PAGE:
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like on that street now. >> reporter: trying to fix one of our most congested corridors i-66. how do you do it? i'm adam tuss. i'll tell you about some possible solutions coming up. good. they've got to do something. take a look at the numbers tomorrow morning if you're thinking about getting outside. 24 at 7:00 a.m., bundle up. during the afternoon, you may need the umbrella, a little rain and snow moving in. i'll show you when. when you've got something to share, you need upload speed.
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this is a scene some neighbors in our area are unfortunately familiar with, a water main burst in the suburb of -- that created a sinkhole that swallowed up this car overnight. no injuries, and repairs are still under way. there is an effort online to help families who had to leave their homes because of a massive sinkhole and a water main break. friends have set up a go fund me page for one of the homeowners in bladensburg, maryland, whose
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house flooded during the break. the 12-inch break in the main created a massive sinkhole that swallowed a car and the people inside that car. a family, husband and wife and two kids. they were able to get out. the street is back open now. wssc is paying for repairs and is putting the families who were affected up in hotels. some people might think they're just stones stacked around the nation's capital but tom sherwood reports the daughters of the american revolution are wrapping up a history project to save boundary stones blase placed on the borders of thomas jefferson and george washington. >> we're very excited. in 1791 and 1792 -- >> reporter: sharon from the daughters of the american revolution is in her element unearthing core history parts of the nation's capital. >> yay! >> reporter: rescued from the mud and muck in southwest today,
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a replacement boundary stone set 52 years ago, 1962 when properly buried by adjacent construction. the original 1791 stone approved by thomas jefferson lost to history. >> people don't understand the history of the stones, and it's just a big block of stone that's on the side of the road. >> reporter: this one will be cleaned and replaced yet again. 36 of the original 40 markers one every mile are accounted for. you can go online to nbcwashington.com to link to the boundary stone project. nearby on southern avenue is this original 1791 stone another near the southern avenue metro stop. all are often unde have you walked by here? >> quite a few times a day. >> reporter: and you never knew about it. >> never knew. >> reporter: the dar hopes to complete the project this spring. maurice the planner working on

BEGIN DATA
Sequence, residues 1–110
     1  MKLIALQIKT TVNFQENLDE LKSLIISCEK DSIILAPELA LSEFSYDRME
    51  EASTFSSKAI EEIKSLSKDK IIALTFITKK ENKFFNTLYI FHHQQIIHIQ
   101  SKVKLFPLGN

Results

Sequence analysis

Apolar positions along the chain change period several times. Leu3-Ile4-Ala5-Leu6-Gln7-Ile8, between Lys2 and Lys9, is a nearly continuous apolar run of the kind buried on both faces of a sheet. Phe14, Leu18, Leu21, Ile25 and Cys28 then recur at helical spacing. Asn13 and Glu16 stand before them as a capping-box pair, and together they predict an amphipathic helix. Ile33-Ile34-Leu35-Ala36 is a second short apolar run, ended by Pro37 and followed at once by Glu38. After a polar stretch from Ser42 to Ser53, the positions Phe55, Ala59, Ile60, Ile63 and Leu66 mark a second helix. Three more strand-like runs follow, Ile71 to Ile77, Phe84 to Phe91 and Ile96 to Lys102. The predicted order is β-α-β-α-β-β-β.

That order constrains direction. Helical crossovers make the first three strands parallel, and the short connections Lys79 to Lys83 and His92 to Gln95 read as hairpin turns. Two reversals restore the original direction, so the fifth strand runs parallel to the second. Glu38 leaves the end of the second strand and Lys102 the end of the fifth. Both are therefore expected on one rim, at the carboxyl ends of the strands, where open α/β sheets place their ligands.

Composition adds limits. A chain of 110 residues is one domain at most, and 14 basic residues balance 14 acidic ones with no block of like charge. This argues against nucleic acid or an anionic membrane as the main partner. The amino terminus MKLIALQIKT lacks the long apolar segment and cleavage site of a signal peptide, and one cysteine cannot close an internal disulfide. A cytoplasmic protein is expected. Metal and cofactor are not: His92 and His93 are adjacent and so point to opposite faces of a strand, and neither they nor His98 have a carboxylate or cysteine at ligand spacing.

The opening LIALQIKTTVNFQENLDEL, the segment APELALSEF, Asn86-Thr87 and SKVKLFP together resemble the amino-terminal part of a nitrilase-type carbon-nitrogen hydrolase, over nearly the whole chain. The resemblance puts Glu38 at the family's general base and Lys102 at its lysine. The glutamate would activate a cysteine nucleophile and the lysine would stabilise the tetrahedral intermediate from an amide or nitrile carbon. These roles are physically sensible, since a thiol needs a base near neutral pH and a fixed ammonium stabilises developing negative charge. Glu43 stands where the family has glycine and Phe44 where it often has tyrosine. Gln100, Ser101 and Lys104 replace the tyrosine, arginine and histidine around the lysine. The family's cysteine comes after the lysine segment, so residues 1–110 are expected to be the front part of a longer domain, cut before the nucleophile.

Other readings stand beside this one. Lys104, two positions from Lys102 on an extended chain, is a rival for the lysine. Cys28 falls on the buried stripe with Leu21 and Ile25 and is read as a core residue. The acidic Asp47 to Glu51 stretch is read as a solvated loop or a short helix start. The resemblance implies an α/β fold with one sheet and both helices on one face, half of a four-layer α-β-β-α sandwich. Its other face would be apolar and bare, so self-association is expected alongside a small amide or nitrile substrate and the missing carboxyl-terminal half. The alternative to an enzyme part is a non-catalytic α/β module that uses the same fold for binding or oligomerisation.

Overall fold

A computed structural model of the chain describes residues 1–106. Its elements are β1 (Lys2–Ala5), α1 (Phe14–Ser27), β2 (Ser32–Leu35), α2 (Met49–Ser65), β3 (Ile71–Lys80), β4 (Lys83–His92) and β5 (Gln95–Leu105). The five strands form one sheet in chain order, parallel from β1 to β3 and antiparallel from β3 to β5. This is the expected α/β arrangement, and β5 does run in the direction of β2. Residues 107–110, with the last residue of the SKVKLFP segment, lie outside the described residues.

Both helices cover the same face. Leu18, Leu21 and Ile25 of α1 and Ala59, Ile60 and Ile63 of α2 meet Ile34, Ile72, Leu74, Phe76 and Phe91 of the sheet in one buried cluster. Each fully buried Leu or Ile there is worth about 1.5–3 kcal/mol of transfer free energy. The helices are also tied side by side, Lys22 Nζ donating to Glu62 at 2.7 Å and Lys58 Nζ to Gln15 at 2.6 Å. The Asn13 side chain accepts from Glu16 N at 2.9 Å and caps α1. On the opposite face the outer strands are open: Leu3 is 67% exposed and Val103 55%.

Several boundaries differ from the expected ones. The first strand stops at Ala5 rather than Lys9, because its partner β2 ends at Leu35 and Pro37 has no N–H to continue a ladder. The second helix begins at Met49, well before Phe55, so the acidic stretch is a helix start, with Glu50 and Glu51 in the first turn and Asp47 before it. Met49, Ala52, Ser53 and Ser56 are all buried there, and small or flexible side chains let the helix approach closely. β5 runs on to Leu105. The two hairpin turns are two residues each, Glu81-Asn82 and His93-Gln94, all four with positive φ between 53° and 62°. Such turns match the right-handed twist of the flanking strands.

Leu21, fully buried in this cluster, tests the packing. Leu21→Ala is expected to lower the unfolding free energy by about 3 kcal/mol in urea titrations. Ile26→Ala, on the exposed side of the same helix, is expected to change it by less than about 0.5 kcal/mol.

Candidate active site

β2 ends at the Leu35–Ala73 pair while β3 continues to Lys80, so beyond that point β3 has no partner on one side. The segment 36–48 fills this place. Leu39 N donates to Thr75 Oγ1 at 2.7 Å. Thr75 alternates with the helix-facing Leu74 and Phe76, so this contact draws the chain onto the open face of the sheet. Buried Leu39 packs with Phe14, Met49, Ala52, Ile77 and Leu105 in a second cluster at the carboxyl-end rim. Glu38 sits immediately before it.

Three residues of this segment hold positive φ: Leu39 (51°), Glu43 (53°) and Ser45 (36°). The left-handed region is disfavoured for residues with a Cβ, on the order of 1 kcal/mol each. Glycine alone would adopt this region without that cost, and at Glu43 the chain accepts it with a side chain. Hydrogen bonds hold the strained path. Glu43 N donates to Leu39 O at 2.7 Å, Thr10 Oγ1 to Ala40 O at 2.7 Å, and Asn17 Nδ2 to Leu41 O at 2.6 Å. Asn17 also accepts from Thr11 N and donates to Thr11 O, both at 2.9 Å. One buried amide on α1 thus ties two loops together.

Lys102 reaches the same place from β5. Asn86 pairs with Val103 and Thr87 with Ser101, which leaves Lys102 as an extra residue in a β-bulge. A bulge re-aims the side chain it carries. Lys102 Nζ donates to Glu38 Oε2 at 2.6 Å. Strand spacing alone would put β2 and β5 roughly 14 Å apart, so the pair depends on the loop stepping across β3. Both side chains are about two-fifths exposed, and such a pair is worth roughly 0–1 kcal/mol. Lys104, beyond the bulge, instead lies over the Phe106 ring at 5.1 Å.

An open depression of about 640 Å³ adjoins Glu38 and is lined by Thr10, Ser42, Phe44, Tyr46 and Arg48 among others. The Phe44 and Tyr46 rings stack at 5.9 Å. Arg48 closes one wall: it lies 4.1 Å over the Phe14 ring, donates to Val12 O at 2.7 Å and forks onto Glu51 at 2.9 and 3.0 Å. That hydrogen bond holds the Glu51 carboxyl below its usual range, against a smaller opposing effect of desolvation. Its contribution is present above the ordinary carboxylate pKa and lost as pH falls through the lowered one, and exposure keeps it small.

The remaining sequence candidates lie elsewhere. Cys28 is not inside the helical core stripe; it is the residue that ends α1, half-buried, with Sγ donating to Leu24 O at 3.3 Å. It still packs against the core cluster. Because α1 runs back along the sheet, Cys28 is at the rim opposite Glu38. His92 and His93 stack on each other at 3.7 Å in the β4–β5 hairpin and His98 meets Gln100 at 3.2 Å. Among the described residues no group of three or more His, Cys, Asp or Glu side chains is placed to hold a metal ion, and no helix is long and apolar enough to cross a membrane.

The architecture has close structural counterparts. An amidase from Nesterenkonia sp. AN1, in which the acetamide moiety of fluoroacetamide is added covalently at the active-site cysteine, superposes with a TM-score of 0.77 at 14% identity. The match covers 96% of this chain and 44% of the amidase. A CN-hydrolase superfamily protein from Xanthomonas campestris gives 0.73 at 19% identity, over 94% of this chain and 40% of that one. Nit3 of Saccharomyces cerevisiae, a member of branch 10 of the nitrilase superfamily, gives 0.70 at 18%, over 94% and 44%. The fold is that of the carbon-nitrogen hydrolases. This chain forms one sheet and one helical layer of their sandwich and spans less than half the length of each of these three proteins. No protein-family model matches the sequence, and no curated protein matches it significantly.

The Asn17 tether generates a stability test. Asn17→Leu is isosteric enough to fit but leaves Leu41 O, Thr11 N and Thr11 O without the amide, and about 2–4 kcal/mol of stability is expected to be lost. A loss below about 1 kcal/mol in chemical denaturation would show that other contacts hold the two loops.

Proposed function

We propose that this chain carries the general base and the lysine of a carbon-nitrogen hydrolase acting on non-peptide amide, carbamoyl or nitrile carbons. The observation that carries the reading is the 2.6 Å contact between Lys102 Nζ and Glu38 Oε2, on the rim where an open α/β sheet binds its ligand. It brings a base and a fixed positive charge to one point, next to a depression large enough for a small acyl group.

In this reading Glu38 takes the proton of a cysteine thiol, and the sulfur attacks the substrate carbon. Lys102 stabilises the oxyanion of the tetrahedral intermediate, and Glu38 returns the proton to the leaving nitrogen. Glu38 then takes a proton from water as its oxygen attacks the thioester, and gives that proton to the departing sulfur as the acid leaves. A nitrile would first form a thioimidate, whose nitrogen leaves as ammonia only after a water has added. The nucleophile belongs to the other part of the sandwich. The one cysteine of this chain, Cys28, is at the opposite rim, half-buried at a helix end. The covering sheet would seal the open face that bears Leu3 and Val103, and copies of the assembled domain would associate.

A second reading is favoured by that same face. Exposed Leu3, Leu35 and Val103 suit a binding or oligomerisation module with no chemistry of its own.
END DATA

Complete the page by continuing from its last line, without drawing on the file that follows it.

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the project, is a native washingtonian. he appreciates the history, too. >> there's a monumental city. there is the residential city. there are generations of folks that live here. these are important. these are important monuments. >> reporter: tom sherwood, news4. coming up at 6:00, we've heard a lot of talk about changes to one of the busiest roads in our area. the question is, what would that interstate 66 revamped look like? adam tuss will tell us. and a surprise for one local teacher in front of all students.
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right now at this moment, drivers who are not enduring that brutal commute on i-66 may be at the first of several public meetings to address the congestion in northern virginia. our transportation reporter adam tuss now explains the issues and the potential solutions to getting people home quicker. >> reporter: when the traffic crawls on 66 it really crawls. >> it's horrible. it's absolutely horrible. >> reporter: so what to do about it. well vdot is putting together a number of options, including yes, the possibility of express toll lanes both inside and outside the beltway. it's possible those toll lanes would connect and stretch from the d.c. line all the way to route 15 in haymarket and listen to this. the talk about 66 here inside the beltway to get around traffic like this is making it hov 3 during rush hour.